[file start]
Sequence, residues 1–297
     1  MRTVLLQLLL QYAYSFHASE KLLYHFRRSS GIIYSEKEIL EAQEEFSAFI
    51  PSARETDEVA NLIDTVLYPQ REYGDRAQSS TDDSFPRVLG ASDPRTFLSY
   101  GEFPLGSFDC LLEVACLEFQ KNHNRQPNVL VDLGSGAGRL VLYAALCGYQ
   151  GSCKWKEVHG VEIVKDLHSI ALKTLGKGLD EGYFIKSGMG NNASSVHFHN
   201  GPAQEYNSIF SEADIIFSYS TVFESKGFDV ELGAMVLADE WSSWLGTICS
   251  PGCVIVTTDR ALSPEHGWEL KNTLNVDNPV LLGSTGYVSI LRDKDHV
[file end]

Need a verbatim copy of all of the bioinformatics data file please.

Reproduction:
Sequence, residues 1–297
     1  MRTVLLQLLL QYAYSFHASE KLLYHFRRSS GIIYSEKEIL EAQEEFSAFI
    51  PSARETDEVA NLIDTVLYPQ REYGDRAQSS TDDSFPRVLG ASDPRTFLSY
   101  GEFPLGSFDC LLEVACLEFQ KNHNRQPNVL VDLGSGAGRL VLYAALCGYQ
   151  GSCKWKEVHG VEIVKDLHSI ALKTLGKGLD EGYFIKSGMG NNASSVHFHN
   201  GPAQEYNSIF SEADIIFSYS TVFESKGFDV ELGAMVLADE WSSWLGTICS
   251  PGCVIVTTDR ALSPEHGWEL KNTLNVDNPV LLGSTGYVSI LRDKDHV